How to Avoid Crappy Video On Demand Distribution Deals

Video on demand distribution has changed everything. That is what I was thinking a few years back when I rented and watched a movie on my iPod. It was a time when video on demand distribution was new. VOD allowed me to directly access pretty much any movie I wanted. And while I didn’t fully understand the implications for indie filmmakers, I knew VOD was going to change everything.

video on demand distribution

Video On Demand Distribution Changes Everything

After wrapping our first feature, we were like a lot of filmmakers. We had a movie and we needed a deal. In the weeks that followed our film festival run, we received countless film distribution offers, but something seemed off. In exchange for no money we were offered the the validation of acceptance.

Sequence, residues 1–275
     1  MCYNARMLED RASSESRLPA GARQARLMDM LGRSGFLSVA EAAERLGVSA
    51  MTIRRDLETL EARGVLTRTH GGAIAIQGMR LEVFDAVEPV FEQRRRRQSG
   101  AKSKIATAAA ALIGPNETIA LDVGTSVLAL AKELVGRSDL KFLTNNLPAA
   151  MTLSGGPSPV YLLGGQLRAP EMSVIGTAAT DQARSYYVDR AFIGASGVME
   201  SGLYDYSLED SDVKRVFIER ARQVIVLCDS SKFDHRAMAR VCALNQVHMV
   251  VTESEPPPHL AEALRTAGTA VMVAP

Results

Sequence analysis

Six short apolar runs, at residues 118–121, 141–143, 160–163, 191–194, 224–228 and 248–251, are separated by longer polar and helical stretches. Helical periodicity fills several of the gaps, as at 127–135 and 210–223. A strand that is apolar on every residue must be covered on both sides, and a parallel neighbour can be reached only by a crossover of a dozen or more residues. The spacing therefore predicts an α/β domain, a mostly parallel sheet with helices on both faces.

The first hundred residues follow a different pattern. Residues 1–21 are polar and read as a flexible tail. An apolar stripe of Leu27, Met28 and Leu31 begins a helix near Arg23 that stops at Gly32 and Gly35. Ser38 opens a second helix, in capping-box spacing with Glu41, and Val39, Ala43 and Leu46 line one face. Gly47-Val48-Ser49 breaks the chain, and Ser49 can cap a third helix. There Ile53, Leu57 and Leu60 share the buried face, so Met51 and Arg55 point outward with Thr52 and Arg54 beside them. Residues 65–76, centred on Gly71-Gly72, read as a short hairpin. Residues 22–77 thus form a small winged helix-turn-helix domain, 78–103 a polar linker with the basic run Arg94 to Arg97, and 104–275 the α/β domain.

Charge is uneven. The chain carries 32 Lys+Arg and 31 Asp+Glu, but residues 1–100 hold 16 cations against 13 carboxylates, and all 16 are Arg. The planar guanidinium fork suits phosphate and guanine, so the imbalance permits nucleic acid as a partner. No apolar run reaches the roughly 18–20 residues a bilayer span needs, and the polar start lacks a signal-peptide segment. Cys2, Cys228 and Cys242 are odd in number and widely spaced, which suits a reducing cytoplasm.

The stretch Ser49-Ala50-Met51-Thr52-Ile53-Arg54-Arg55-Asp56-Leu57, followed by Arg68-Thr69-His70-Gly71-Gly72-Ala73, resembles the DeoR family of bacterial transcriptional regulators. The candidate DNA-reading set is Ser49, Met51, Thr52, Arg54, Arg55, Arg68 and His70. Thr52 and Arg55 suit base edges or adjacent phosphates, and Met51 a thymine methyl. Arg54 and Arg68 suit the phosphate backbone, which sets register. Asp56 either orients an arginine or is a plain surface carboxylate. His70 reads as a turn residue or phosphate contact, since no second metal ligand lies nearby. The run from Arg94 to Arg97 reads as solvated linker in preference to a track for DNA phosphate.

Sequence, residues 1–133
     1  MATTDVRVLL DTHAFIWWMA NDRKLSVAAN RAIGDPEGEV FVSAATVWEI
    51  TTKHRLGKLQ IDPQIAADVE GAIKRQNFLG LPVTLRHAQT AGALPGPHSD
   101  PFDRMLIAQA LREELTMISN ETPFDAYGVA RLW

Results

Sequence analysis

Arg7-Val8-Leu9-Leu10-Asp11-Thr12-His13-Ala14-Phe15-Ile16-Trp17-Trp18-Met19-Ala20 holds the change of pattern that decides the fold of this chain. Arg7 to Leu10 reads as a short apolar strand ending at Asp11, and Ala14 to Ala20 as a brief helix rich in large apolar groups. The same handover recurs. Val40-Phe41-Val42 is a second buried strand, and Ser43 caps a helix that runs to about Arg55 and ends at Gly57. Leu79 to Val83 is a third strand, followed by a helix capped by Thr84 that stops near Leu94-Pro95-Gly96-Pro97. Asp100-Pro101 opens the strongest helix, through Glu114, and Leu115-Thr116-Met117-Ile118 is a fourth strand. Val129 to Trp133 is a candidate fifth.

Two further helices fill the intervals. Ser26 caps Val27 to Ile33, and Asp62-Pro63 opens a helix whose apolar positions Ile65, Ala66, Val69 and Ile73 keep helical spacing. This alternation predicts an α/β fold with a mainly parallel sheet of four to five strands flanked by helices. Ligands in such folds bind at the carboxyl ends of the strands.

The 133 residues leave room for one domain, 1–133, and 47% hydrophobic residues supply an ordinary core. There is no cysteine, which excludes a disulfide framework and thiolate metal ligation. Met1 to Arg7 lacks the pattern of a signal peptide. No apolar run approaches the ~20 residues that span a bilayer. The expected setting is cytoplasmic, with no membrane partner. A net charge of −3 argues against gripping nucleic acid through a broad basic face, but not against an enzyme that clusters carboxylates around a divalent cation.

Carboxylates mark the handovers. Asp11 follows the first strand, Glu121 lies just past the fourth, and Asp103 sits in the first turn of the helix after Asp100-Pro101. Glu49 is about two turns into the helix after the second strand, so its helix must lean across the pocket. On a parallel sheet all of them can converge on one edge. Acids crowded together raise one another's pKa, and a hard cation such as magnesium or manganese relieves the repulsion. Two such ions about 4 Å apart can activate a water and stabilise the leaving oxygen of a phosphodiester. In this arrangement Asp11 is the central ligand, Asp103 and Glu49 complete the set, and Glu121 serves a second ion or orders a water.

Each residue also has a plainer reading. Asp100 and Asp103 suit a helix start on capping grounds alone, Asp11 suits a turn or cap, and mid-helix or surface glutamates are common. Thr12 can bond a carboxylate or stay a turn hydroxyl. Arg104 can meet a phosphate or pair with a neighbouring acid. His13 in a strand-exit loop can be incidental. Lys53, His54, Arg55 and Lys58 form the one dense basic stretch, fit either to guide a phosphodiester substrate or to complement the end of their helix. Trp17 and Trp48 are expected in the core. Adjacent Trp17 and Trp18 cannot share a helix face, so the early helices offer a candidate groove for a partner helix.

All we had to do was sign over the rights to our movie and we could see our movie in stores and video on demand platforms like Amazon and iTunes. The deals looked something to this:

  1. Give up the rights to your movie for 5-7 years.
  2. Pay $2k to 5k in “recoupable encoding expenses.”
  3. Agree to a 30k ambiguous expense cap.
  4. First monies out go back to the distributor.
  5. Marketing was limited to asking for “special placement.”

We didn’t take the deal. Since our movie had some buzz we decided to roll the dice and make it available on Amazon. This was a time when “self-distribution” wasn’t sexy. But we quickly learned that cashing royalty checks was more important than garnering industry validation.

Since that time, Amazon has continued to improve their filmmaker friendly approach to filmmakers. And depending on the scope and scale of your project, you can create your own mini movie studio outside of Hollywood. Suffice it to say, this is one of the most exciting times to be a filmmaker. We should all run in the streets cheering.

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ARTICLE BY Jason Brubaker

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